Sidebar 2: Five things to consider during the co-crystal formers selection process
With the constantly increasing number of insoluble drug molecules in development pipelines, pharmaceutical companies' needs for new strategies and approaches that enable the reliable solubility enhancement of APIs for a specific drug delivery system are significantly increasing. Indeed, exploring co-crystals of pharmaceuticals is also driven by (although not limited by) the potential to modify their physicochemical properties in terms of solubility and/or dissolution rate.
In addition to efficacy, one desirable attribute of a pharmaceutical product is its cost effectiveness, which partly explains the traditional conservatism of the entire pharmaceutical industry — in most cases, weighty arguments must exist to convince the pharma industry to adopt a novel tool. In particular, there are a number of conventional approaches already available to address the issues of insufficient aqueous solubility; for instance, salt formation, particle size reduction and crystallinity decrease (amorphisation). So, what extra value can be achieved with the pharmaceutical products containing co-crystals?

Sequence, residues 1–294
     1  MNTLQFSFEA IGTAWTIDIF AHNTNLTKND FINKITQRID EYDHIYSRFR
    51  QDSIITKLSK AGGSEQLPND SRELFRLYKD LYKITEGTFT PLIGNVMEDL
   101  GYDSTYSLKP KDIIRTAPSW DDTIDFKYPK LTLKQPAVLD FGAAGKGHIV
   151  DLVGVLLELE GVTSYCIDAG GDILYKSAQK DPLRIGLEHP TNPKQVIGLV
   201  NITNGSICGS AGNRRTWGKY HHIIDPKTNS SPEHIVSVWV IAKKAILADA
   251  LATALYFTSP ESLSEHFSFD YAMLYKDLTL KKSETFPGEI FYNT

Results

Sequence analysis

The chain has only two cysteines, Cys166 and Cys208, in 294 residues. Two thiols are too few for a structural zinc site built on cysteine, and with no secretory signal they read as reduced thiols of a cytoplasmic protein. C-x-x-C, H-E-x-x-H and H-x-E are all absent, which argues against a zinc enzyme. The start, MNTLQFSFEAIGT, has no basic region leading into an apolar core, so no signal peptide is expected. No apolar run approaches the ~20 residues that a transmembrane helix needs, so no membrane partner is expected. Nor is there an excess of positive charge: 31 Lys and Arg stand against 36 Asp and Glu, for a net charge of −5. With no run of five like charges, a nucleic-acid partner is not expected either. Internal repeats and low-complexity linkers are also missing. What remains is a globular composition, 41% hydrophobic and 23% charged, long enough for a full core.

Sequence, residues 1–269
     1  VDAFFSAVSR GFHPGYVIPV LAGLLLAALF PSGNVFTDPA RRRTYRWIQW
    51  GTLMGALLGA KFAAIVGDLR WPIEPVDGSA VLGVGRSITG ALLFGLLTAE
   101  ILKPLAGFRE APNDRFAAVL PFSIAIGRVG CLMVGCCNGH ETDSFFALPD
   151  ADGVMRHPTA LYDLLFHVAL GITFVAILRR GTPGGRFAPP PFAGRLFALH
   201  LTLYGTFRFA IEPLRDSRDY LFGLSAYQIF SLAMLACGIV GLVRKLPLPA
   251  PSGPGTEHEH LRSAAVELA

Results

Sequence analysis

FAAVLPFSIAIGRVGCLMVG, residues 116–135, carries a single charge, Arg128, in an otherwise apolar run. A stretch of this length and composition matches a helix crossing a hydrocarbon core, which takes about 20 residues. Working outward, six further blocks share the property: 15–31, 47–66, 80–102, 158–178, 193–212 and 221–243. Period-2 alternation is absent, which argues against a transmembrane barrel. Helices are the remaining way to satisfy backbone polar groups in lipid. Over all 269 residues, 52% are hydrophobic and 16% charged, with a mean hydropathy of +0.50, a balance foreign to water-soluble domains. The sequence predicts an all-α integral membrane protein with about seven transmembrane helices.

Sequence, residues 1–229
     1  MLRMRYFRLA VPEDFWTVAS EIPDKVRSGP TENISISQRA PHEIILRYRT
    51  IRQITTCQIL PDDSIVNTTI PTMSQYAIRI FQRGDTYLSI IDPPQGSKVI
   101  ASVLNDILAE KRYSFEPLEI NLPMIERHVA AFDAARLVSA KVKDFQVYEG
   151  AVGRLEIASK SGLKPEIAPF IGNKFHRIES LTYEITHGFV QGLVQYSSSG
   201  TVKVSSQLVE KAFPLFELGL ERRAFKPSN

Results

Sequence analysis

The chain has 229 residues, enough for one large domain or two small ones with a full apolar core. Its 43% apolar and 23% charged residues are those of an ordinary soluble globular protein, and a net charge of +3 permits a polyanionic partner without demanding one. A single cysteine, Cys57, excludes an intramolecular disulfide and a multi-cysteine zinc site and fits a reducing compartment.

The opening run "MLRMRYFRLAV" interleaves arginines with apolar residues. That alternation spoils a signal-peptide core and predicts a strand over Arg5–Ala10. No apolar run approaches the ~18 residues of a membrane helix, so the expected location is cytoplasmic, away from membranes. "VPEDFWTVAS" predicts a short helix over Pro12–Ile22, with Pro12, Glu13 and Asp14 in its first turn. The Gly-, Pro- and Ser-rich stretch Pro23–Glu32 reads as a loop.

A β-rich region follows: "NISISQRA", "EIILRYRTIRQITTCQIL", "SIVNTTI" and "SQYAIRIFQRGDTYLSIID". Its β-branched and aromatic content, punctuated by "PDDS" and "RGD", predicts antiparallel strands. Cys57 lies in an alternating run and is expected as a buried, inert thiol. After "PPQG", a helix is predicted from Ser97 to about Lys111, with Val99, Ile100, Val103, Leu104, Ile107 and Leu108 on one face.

Currently, salt formation is one of the foremost strategies employed by pharmaceutical developers to modify the physicochemical profile of a compound.10 However, this strategy has two significant drawbacks. Firstly, salt formation relies on the presence of one or more ionisable functional groups in the molecule, while many APIs and development compounds lack this chemical feature. Secondly, a priori prediction regarding the existence of a crystalline salt (or salts) of a given compound is impossible. In this context, co-crystallisation can be a feasible alternative to pharmaceutical salts because any type of drug molecules, including neutral molecules, is theoretically capable of forming co-crystals. Moreover, pharmaceutical co-crystals themselves can form salts, as well as exhibit polymorphism and solvatomorphism, which further extends the landscape of solid-state forms of a given API.